Michael Coveney: Festival fever in Manchester and the National Theatre
Festival season provides an opportunity to experience a multitude of artforms
You know it's a good festival when you've been there for three days and start missing it on the way home, although it's only possible to see one big event each day. But as, next week, the names on the Manchester International Festival marquee include Charlotte Rampling, Arvo Pärt, music video maverick FKA twigs and Maxine Peake continuing at the Royal Exchange - as well as Damon Albarn's music in wonder.land - you might need to take a week off. And catch up with the city between shows.
As already reported on WOS, the spanking new Manchester venue Home is up and running in the new development around Tony Wilson Place; I was so excited to see it that I rushed across the main road, heading for the shiniest glass windows I could see and found myself in a spanking new Sainsbury's Local instead. Once properly inside, I savoured an attractive new gallery, five cinemas (showing a mini Orson Welles season and the new Ian McKellen), a comfortable horse-shoe 450-seater theatre (not unlike the Royal Court), a restaurant, café chairs on the terrace.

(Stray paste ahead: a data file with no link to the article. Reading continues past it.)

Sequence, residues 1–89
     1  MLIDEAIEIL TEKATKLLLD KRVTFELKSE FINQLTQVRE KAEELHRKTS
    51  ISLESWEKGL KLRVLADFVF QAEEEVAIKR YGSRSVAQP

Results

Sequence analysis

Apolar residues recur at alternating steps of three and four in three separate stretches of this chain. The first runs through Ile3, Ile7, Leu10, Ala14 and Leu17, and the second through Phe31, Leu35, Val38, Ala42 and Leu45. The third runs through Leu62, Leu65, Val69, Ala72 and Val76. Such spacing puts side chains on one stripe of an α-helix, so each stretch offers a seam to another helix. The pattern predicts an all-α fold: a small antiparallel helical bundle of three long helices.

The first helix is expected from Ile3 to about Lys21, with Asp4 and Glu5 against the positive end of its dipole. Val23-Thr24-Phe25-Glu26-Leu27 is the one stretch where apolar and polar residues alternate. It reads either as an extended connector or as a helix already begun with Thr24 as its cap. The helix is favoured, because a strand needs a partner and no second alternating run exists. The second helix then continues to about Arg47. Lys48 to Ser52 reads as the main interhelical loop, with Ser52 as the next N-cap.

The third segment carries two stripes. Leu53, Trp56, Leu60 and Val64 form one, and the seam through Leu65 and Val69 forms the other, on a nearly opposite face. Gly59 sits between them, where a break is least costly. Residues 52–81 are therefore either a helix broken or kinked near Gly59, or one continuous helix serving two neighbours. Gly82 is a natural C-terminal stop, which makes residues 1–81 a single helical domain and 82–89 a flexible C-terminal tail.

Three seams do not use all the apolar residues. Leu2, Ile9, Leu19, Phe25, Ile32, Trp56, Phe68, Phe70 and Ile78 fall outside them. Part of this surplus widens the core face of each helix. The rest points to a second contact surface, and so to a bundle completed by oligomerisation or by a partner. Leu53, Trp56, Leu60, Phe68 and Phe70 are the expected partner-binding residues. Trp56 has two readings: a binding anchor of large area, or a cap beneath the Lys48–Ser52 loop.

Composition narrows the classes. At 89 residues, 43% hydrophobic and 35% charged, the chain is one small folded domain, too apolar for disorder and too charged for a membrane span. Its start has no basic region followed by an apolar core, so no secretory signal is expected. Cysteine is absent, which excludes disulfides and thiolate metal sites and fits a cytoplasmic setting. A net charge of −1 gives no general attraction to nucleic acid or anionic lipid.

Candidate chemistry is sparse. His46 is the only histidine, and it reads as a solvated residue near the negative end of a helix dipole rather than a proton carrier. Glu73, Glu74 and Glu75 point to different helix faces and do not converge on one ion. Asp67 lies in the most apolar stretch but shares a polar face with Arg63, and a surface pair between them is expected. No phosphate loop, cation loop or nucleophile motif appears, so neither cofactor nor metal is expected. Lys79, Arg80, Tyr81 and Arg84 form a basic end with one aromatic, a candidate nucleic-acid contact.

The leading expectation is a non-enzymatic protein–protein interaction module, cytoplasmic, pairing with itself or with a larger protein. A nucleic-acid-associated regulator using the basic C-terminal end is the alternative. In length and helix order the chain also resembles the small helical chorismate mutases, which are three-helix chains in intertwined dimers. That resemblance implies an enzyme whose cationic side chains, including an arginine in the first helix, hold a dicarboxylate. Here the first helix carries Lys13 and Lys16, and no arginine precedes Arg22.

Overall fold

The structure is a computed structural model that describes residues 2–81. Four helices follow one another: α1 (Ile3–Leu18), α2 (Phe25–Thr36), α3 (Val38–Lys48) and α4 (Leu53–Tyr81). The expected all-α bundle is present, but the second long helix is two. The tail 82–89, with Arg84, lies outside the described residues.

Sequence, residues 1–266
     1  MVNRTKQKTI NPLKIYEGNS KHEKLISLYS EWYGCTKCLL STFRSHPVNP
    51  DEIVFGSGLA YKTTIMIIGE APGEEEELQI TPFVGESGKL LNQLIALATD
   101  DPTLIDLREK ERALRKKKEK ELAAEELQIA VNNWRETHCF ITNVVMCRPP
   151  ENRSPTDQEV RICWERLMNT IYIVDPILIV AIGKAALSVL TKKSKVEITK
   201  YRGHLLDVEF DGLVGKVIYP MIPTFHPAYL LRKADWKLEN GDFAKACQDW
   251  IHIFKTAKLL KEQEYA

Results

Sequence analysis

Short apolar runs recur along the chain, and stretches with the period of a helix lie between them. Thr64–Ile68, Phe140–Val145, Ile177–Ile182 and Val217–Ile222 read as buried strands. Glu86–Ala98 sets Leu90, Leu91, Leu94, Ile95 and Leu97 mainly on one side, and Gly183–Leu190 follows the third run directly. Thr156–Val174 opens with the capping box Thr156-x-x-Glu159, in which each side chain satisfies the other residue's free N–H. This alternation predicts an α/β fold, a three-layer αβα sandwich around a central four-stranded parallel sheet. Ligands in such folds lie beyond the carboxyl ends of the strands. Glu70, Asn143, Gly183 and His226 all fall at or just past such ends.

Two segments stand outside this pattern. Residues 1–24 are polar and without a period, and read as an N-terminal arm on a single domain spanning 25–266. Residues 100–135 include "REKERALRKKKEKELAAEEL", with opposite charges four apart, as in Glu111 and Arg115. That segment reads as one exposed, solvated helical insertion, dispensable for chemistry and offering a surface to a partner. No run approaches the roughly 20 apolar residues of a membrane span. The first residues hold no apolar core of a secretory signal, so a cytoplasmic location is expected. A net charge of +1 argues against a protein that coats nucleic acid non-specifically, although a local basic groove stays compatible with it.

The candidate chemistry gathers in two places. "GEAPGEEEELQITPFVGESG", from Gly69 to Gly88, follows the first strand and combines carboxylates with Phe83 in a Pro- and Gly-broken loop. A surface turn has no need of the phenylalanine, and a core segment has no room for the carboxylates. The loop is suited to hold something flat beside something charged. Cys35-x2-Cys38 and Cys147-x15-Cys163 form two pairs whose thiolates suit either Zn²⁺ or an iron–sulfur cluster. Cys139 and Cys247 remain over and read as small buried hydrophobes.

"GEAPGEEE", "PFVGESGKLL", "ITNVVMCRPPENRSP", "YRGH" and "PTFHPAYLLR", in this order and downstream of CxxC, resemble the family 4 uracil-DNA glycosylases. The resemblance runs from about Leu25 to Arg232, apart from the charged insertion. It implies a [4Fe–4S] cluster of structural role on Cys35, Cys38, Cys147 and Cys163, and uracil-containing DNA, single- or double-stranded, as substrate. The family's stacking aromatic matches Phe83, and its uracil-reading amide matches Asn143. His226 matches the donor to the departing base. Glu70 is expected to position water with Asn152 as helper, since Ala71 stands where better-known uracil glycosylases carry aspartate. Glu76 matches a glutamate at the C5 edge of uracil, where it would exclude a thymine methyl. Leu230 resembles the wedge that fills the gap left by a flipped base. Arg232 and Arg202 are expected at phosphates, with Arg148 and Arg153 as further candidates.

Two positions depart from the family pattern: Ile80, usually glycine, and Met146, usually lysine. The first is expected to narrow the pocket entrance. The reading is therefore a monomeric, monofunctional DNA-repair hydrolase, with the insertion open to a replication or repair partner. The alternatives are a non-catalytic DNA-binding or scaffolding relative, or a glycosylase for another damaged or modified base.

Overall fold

I like the sound of Walter Meierjohann, the artistic director - the place is a functional fusion of the old Cornerhouse cinema and the Library Theatre (Chris Honer has retired) - except for his plans for another fusion - that of English and German theatre. There's far too much of that going on already, and no-one likes it except a few bloggers and students. I'd much rather Walter fused with France or Spain or even Poland or, preferably, didn't fuse with anyone. I think he should be a re-fuse-nik. But as he's Dutch, and a splendid chap - he did a good job running an Edinburgh "physical theatre" venue for a few years and is an associate at the Young Vic - "fusing" is part of his cultural DNA.